It is almost three years since the Computer-Processed Personal Data Protection Act (電腦處理個人資料保護法) was amended and retitled the Personal Information Protection Act (個人資料保護法), and a little over three months since the first part of the act took effect. However, deficiencies in the act continue to pop up at a rate that makes it obvious that it is deeply flawed. Even the Ministry of Justice admitted last year that there were so many problems with the act that it could only be implemented in two parts, as more time was needed to amend it and clarify the confusing bits.
The ministry’s attempts at clarification sometimes only serve to muddy the waters. For example, it has issued a notice stating that police officers are entitled to their privacy and if members of the public want to film them they must first obtain their permission. It added that the law prevents people from commenting on ongoing criminal cases or making recordings at a crime scene during an investigation, although police activities in public places can be recorded by the public if it does not obstruct the police performing their duties.
The ministry’s notice was apparently motivated by an incident in Greater Kaohsiung in September last year, when two students who were stopped and ticketed by police for driving illegally modified scooters filmed the officers during their encounter. The students continued filming even after being warned they needed the officers’ permission to do so, resulting in the pair facing charges of obstructing the police in the performance of their duty.
Since the students involved were in a public place, they should have had the right to film the officers. Did their filming actually impede the officers in issuing tickets? Were the students not simply gathering their own evidence?
The debate over the public’s right to record police officers in the performance of their duties is not new, nor is it unique to Taiwan. Countries and police forces worldwide are having to draft new policies in an age where small digital cameras and cellphone cameras have become commonplace, as has the immediate posting of pictures and videos on the Internet.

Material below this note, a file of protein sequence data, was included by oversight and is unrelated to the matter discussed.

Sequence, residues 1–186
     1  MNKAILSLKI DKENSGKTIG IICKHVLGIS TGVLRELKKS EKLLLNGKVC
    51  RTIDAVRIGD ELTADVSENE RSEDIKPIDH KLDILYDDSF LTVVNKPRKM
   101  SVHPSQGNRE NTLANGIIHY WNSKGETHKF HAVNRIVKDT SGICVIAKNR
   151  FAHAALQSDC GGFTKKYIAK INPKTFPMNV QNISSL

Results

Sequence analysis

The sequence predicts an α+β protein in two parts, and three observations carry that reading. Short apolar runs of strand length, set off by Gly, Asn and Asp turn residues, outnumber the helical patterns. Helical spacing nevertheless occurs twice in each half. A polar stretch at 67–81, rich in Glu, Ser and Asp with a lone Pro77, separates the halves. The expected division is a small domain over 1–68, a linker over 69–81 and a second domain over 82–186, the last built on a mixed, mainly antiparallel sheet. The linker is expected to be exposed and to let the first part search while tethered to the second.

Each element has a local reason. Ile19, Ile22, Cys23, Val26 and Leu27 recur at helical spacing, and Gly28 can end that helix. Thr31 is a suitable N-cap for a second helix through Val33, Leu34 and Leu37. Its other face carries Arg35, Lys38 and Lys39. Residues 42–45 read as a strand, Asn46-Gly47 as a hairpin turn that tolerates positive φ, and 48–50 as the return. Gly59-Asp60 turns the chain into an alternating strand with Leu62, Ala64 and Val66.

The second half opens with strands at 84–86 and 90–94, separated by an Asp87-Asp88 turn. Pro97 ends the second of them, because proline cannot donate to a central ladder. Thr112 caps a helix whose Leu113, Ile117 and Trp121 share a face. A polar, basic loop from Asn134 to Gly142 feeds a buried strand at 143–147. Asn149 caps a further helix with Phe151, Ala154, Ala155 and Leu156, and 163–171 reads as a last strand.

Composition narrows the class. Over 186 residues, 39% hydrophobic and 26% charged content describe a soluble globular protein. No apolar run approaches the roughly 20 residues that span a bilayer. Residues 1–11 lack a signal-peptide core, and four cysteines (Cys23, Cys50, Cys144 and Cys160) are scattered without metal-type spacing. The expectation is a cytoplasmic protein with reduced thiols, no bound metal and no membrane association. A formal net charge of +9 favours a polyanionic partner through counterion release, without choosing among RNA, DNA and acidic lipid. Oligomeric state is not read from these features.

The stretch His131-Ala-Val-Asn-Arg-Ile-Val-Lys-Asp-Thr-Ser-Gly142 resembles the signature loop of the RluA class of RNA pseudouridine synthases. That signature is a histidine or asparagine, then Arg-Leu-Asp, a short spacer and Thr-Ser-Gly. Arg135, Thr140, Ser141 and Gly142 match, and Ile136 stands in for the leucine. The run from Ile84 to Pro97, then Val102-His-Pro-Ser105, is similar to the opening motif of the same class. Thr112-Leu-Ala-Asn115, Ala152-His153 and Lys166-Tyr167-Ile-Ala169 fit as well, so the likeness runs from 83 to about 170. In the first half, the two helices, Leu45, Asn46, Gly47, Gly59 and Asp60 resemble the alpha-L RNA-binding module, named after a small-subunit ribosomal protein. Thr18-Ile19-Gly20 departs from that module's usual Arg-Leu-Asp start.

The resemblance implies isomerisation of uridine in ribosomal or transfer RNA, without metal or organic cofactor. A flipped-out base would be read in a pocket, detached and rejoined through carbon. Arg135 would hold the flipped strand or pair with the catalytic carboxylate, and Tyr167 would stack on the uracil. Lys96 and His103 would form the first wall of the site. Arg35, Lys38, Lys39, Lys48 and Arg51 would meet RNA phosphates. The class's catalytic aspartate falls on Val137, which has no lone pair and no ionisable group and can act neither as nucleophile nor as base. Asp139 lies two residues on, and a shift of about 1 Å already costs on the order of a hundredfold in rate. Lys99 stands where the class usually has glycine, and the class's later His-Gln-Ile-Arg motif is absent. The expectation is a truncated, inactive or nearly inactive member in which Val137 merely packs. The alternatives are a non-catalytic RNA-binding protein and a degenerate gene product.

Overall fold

It is wrong to interfere with the police in the lawful performance of their duties, but recording or taking photographs alone does not constitute interference.
Nor should police officers have the right to privacy when executing their duties in public; that is why the majority of police forces worldwide require some form of name tag or badge number on uniforms and for plainclothes officers to identify themselves. It is a matter of both identification and accountability.
Even if a law states that permission must be obtained from all parties involved before they can be filmed or recorded, there should be a provision that such consent is necessary only if a reasonable expectation of privacy exists. That expectation does not exist in the case of the police executing duties in public.
The questioning of suspects in police stations is recorded and filmed to protect the rights of the suspects. Many police forces also use dashboard cameras in their patrol cars and officers wear recording devices on their uniforms to collect evidence, provide documentation and deter abuse. A citizen’s right to record police in the conduct of their duties is no less necessary; it is critical to prevent malfeasance.
Being a police officer is a tough and risky job, but police forces exist to ensure the safety of the public. The police are public servants and must be accountable for their actions.
The ministry should immediately clarify its stance on the recording or filming of police activities and the National Police Agency must ensure that every officer understands the rules. If the Personal Information Protection Act has to be amended to legalize such actions, then an amendment should be promptly submitted to the legislature.
This is not a matter that can be left up to an individual officer or bureaucrat’s discretion.